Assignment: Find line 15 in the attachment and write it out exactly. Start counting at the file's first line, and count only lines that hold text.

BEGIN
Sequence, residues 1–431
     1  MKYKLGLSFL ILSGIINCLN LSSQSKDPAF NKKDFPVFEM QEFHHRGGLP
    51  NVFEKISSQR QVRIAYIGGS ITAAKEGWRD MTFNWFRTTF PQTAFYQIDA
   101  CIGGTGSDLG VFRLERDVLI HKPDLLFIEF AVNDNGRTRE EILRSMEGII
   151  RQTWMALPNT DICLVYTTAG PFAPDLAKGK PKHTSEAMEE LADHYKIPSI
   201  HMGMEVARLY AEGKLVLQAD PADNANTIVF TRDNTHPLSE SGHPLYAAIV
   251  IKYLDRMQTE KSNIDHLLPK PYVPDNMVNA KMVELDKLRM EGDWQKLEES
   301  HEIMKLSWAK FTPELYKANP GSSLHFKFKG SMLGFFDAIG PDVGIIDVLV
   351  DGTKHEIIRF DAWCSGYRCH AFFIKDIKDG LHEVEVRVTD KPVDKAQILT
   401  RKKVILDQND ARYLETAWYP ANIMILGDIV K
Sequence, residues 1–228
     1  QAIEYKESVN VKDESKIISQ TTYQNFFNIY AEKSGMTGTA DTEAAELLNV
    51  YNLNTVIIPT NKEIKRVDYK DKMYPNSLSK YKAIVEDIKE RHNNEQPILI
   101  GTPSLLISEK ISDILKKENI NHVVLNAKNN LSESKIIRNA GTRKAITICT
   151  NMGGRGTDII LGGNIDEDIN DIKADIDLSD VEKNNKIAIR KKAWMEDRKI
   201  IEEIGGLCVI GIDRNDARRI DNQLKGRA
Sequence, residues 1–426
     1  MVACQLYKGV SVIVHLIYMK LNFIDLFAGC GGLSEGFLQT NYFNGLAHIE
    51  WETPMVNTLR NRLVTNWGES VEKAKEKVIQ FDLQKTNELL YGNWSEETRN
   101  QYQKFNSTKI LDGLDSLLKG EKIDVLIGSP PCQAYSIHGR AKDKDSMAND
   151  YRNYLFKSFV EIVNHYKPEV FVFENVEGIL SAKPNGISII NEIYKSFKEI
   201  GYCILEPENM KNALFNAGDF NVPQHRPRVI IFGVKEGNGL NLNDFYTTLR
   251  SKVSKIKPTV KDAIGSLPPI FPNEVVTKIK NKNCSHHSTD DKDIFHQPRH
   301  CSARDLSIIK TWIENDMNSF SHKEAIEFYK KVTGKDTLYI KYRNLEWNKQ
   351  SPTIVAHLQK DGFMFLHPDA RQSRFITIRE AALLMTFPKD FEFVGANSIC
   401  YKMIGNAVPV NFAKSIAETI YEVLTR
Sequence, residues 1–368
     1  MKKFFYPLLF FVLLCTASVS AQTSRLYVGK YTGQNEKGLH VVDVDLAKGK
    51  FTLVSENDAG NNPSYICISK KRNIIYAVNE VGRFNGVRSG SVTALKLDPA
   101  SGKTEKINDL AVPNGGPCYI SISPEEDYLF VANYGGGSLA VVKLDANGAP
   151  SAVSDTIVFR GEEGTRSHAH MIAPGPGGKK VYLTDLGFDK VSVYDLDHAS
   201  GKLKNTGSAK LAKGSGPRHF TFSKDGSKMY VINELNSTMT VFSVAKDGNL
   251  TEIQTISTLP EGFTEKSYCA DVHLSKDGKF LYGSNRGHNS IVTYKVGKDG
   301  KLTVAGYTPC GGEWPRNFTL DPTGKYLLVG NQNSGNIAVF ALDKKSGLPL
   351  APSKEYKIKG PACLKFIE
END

   151  NMGGRGTDII LGGNIDEDIN DIKADIDLSD VEKNNKIAIR KKAWMEDRKI